Introduction to ITIL

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Introduction to ITIL

Introduction to ITIL

The “Fifty Cent Dogpatch Wedding ITIL” Intro!


Marryin’ Sam’s Fifty Cent Dogpatch Wedding

Ceremony.

“Does Yo?”

“Does Yo?”

“Yo Is.”

Nothing but the basics


A systemized assembly of good practices and specific vocabulary for all phases

of Information Technology service management.

Started by British Government in 1980s

Now adopted worldwide and in v.3.

ITIL

Information Technology Infrastructure Library


ITIL focuses on IT as a Service provided to its

Customers

Users

IT Provides Value to its users.

ITIL and IT as a Service


Value:

Utility (fitness for purpose—features and functionality)

Warranty (fitness for use—availability, accessibility, etc)--

Value defined


From your customers' perspectives, IT:

Is not about servers, networks and applications.

Is about the services you provide that help them perform the processes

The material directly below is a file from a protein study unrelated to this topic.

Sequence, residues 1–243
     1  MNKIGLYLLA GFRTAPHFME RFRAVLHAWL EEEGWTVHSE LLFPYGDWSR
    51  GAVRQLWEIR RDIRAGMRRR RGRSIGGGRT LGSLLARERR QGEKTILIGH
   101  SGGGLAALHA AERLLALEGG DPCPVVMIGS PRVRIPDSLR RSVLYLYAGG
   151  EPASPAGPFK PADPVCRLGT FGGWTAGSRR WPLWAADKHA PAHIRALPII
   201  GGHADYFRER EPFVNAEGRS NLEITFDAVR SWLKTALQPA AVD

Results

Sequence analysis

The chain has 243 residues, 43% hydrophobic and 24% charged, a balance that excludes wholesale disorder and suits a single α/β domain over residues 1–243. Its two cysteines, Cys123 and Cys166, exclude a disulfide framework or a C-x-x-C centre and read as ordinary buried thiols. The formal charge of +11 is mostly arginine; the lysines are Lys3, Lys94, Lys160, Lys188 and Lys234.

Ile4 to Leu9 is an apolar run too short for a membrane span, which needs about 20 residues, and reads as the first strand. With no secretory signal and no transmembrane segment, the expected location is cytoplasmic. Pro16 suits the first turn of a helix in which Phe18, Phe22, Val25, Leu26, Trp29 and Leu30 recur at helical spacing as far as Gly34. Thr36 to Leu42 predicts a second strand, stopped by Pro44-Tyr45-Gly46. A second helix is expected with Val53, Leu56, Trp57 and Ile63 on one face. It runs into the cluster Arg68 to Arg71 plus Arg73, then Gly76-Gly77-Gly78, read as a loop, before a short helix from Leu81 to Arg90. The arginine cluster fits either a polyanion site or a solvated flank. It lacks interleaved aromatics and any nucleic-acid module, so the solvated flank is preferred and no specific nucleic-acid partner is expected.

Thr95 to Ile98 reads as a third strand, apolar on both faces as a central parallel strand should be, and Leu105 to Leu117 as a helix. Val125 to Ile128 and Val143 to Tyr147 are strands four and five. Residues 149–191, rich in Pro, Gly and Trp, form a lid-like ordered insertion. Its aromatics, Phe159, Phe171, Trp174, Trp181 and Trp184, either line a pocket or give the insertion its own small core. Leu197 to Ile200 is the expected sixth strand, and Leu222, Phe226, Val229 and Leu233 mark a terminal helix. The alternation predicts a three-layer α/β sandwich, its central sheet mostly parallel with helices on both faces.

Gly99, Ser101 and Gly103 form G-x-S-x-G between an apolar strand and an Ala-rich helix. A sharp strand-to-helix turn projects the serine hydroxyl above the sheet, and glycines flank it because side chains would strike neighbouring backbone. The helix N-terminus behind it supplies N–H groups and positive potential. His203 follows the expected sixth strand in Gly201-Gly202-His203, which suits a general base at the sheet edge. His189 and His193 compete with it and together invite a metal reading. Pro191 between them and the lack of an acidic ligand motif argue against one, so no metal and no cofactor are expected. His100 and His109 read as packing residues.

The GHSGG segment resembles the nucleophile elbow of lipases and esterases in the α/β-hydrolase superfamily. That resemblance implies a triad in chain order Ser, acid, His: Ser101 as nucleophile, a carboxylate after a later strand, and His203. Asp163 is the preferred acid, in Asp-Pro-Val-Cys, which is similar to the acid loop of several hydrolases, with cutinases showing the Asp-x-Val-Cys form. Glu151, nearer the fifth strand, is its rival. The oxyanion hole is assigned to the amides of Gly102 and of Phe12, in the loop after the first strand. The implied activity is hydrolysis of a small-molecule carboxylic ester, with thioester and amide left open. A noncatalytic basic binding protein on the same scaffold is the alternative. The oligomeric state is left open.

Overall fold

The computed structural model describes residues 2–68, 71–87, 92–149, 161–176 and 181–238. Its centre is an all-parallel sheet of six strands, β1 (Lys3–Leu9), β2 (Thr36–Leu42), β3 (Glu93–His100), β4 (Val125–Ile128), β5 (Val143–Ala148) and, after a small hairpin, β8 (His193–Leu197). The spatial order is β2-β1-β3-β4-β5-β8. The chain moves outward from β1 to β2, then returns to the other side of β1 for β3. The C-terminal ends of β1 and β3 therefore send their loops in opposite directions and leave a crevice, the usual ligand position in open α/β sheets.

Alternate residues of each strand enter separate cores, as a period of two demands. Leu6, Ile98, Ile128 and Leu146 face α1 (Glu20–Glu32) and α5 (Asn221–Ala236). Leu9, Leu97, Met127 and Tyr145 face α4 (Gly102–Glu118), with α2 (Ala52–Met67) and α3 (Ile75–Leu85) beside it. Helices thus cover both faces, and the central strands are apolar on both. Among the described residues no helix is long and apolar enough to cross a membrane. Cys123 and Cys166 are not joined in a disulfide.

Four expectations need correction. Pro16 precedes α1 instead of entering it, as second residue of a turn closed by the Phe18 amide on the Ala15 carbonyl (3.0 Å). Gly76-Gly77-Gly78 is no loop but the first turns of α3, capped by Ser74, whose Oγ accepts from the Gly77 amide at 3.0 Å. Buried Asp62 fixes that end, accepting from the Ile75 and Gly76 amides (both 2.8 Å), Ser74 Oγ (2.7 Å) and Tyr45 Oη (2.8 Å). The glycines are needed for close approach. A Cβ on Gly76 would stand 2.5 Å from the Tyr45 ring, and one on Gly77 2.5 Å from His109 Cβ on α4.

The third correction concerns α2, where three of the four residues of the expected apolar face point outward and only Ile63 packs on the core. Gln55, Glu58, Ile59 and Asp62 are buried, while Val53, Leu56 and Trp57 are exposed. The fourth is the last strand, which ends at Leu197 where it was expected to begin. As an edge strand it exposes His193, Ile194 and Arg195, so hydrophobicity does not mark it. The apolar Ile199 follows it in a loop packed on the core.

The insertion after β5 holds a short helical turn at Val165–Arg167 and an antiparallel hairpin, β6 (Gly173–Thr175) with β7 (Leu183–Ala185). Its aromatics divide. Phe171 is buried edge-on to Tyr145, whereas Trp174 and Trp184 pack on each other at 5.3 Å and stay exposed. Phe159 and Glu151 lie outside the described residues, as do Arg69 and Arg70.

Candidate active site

they need to perform to meet their mission critical goals.

“People do not want quarter inch drills. They want quarter inch holes.”

Professor Emeritus Theodore Levitt, Harvard Business School.

ITIL is about helping you provide the maximum IT service value to your

customers—at the best possible ROI.

IT from the customers perspective


ITIL’s Five Phases of IT

Service Managment


There are five phases of

Service Management

Service Strategy

Service Design

Service Transition

Service Operations

Continuous Service Improvement

Service

Operation

s

ITIL’s Five Phases

Continuous

Service

Improvement Service

Design

Service

Strategy

Service

Transitio

n


Service Strategy: Services/service levels required by

customers/users’ business processes minus current services/service

levels equals what the strategic plan needs to be.

“Are we providing the right services in the right way?”

Service Strategy

Service

Strategy


Service Strategy affects every phase of service management:

Provides the services that need to be designed in Service

Design

Provides the structures and constraints for Service Transition

Provides the services that need to be operationalized for

Service Operations

Strategic demands influence quality perspectives and require

CSI at all levels of service management.

Service Strategy

Service

Strategy


Processes at the Strategic Level:

Financial Management

Demand Management

Service Portfolio management

● Service Pipeline

● Service Catalog

● Retired Services

Service Strategy

Service

Strategy